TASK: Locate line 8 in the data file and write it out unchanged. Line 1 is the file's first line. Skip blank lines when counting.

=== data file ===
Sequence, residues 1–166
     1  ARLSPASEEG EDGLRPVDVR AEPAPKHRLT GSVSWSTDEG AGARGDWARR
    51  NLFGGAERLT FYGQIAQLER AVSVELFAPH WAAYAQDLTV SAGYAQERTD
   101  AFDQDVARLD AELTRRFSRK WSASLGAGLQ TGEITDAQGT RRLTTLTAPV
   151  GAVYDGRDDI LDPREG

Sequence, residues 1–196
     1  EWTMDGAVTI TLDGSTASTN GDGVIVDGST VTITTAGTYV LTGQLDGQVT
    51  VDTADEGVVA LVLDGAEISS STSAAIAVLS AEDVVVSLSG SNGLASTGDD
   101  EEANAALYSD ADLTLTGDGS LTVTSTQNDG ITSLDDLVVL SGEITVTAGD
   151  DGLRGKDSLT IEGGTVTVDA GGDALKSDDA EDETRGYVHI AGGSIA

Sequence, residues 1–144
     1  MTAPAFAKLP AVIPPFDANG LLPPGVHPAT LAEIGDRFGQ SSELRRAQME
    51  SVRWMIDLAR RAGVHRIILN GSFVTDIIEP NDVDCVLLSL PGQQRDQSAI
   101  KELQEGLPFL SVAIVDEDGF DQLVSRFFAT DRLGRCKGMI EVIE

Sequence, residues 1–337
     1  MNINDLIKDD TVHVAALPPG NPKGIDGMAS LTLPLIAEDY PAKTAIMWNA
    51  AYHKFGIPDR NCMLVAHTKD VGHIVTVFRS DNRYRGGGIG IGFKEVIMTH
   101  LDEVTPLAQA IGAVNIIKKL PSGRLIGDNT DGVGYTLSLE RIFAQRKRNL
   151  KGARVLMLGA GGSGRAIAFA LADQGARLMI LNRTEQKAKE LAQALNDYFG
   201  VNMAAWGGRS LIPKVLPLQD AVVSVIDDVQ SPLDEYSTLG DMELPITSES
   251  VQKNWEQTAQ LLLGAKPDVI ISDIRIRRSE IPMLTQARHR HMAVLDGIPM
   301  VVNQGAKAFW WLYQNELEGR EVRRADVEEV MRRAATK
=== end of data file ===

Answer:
    51  VDTADEGVVA LVLDGAEISS STSAAIAVLS AEDVVVSLSG SNGLASTGDD